Aside from the race itself the big story of the race was the 6 hour and 22 minute red flag, which threatened to move the race to Monday evening (had the race been postponed, FOX Sports’ Chris Myers had tweeted that the race would resume at 5:00pm EST). However, Mother Nature would cooperate and would allow the race to be run under different conditions from which they practiced this week. Once the race resumed, the intensity picked up from the changing track conditions. This allowed the pack to race side-by-side and at times 3-wide up to seven rows deep.
Joining Earnhardt Jr. in the top 5 for the 2014 Daytona 500 were: Denny Hamlin who closed out a spectacular Speedweeks in second, Brad Keselowski in third, Jeff Gordon in fourth, and Jimmie Johnson who overcome two wrecks leading up to the 500 in fifth.
Rounding out the top 10 in the Daytona 500 were Matt Kenseth in sixth, Ricky Stenhouse, Jr. in seventh and Greg Biffle would bring his No. 16 Ford home in eighth. Austin Dillon would come home ninth in his first Cup Series race in the iconic No. 3 for Richard Childress Racing, while Casey Mears would round out the top 10.
A couple of major contenders for the Daytona 500 win would see their hopes dashed early on as Martin Truex, Jr. would blow up just 30 laps into the race, relegating him to a 43rd-place finish in his debut for Furniture Row Racing. Crew chief Todd Berrier was already in Nashville for a test session before the race was even over. Kyle Busch, meanwhile would have a pit road violation just before halfway and would spend much of the race battling back from that mistake. Busch would eventually finish 19th after leading 19 laps.
Danica Patrick would also be bit by bad luck as she was caught up in a multi-car wreck on lap 145. Patrick would lead her second consecutive Daytona 500, but wouldn’t have the finish to show for it finishing 40th. Tony Stewart would encounter a frustrating evening as well, with a fuel pickup problem derailing his quest for his first Daytona 500 win. Stewart would finish 35th.
A look at the Daytona 500 by the numbers. There were 42 lead changes among 18 drivers, while seven cautions for 39 laps would slow the race pace to 145.290 MPH.
Next week, the Sprint Cup Series heads to the “diamond in the desert,” Phoenix International Raceway for The Profit on CNBC 500K. The Green flag is scheduled for 3:15pm EST.
Nationwide Series Post-Race Quotes: Drive4COPD 300
posted by Thomas Bowles
Tuesday February 25, 2014
Frontstretch Interviews – Courtesy Mike Neff
ELLIOTT SADLER – FINISHED 4th
Thoughts on the race?
It’s definitely a lot different racing than what we’re used to.
Comfortable with it?
Yeah, it’s just different. You’re worried about what you’re doing, but you’re also worried about what everyone else is doing and they’re not doing more than you’re doing. Physically pushing a guy is way better than just riding so you just gotta time it right and push it to the edge.
Happy to start the year with a top 5?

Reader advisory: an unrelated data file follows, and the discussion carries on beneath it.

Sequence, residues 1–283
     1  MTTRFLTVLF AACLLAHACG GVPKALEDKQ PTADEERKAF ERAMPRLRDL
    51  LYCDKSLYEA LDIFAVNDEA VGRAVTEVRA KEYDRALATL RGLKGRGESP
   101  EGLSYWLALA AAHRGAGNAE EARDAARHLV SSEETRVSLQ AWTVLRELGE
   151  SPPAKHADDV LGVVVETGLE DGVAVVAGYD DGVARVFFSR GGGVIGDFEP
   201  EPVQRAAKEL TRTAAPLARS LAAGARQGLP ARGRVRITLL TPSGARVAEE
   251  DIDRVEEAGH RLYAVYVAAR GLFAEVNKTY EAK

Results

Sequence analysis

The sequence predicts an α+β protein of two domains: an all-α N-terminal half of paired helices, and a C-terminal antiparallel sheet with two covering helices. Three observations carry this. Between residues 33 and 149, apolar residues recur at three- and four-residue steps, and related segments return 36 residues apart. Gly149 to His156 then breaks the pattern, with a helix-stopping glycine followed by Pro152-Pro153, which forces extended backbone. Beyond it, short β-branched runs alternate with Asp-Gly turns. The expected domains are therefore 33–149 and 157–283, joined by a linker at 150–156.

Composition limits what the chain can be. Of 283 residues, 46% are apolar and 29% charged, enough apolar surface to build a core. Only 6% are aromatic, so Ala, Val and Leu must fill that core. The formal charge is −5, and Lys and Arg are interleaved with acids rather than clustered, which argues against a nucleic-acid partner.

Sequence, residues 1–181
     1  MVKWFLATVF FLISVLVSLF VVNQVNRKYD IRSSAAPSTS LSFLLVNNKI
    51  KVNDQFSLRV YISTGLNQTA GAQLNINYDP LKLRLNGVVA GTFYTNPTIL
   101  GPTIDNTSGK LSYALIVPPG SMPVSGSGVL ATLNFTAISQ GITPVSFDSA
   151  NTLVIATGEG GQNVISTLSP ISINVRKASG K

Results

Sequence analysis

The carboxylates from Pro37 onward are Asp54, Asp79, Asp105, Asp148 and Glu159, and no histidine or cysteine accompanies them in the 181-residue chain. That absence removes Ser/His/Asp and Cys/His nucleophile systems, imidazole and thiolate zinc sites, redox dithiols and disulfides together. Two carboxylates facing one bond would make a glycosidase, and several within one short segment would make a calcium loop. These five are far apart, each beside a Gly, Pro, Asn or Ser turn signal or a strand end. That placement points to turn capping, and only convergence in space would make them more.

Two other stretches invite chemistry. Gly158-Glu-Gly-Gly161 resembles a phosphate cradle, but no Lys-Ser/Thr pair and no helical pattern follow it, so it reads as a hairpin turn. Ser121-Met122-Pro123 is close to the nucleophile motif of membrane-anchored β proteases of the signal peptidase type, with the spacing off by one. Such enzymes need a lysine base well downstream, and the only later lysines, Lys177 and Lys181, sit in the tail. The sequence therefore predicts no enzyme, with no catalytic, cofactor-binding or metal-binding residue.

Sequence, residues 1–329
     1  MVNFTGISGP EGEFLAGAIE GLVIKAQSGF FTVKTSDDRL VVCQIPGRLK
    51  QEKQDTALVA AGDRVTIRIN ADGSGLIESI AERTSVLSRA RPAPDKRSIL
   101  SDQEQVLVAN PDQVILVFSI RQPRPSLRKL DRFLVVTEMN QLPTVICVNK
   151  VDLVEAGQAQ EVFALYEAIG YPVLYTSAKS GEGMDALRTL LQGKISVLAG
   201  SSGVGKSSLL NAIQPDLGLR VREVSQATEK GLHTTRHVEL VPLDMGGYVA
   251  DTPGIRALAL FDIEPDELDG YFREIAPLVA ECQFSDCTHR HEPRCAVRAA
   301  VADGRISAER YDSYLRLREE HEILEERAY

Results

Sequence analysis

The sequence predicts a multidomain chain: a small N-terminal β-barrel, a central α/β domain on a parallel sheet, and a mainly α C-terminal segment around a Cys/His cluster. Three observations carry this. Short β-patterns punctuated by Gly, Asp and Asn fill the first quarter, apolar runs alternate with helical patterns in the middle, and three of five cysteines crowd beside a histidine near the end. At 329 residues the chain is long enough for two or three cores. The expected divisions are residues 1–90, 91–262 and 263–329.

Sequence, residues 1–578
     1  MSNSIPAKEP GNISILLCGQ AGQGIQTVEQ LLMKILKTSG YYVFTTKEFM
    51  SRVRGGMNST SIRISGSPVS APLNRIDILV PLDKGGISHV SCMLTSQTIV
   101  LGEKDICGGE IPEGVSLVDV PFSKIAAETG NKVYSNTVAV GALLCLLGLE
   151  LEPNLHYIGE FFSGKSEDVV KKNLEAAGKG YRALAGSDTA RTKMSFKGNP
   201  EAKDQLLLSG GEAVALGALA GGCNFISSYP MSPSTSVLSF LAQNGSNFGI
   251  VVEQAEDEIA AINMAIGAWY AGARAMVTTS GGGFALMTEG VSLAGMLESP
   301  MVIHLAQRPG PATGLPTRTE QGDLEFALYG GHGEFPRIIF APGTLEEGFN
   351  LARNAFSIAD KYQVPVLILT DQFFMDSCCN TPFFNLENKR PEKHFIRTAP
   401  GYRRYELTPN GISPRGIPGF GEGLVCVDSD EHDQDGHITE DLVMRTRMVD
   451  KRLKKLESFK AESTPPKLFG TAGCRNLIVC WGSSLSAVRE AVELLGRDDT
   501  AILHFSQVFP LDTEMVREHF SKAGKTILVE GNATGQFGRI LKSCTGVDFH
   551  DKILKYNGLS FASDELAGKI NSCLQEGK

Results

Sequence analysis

Yeah. Hell, that was the worst we ran all day, I think. I have no idea how they put the 3 car in front of us on that last restart. I hadn’t seen the 3 car hardly all day. When they put us from fifth to sixth, on the outside line, it just really boxed us in. I would have really restarted behind my teammate and given him a good push to the front. Anyways, it is what it is; we’ll take it and move on.
Looked like you were up front all day.
The guys did a good job. We had a fast race car. Great pit stops, just really proud of these guys. The car’s in one piece and we can take it to Talladega now. Great job by my guys. A lot of effort came into coming down here to Daytona and giving ourselves a shot to win. We had that chance to be up front and make some things happen. Fifth is not what we want, but we’ll take it and move on.
Bumping vs Pushing?
It’s way harder. You don’t want to lay on the guy in front of you, so it’s tough racing. A lot different than what we’re used to, ‘cause you gotta go. You gotta drag the brake too ‘cause you don’t want to hit the guys and you don’t want to stay on him. It’s a lot harder mentally than what we’ve done in the past.
Car was strong all day. Pushing vs. Bumping, is that harder to do than just getting on somebody and pushing them?
Yeah, it is a little bit. When you bump ‘em, you jar ‘em, it kinda jacks ‘em a little bit. It’s a little more abrupt, obviously. I thought it was OK there at the end. It was certainly fun and hopefully entertaining. But a little bit of a struggle in the early part of the race and the midpart of the race to see a good race. And that’s unfortunate for the fans. You can’t do that the whole race, you can’t tear up your stuff, knock your grill in, overheat your motor, all that stuff so there’s no sense in doing all that until you get down to the last lap. The 7 and the 6, they did a good job. Man, the 7 really held the 22 and I tight on the bottom. I was rubbing his door and hitting the apron at the same time, no room whatsoever. So it was good; wish we were the ones who could have won but a lot better now than what we were last year.
Going home in one piece makes it a lot better, right?
Yeah. My back feels good. My foot feels good. Past years here, I’ve been going home with pain so I’m alright.
Connect with Mike!
2014 Truck Series Post-Race Quotes: Daytona (Exclusives)
posted by Thomas Bowles
Saturday February 22, 2014
When you’re on the outside like that, how frustrating is it?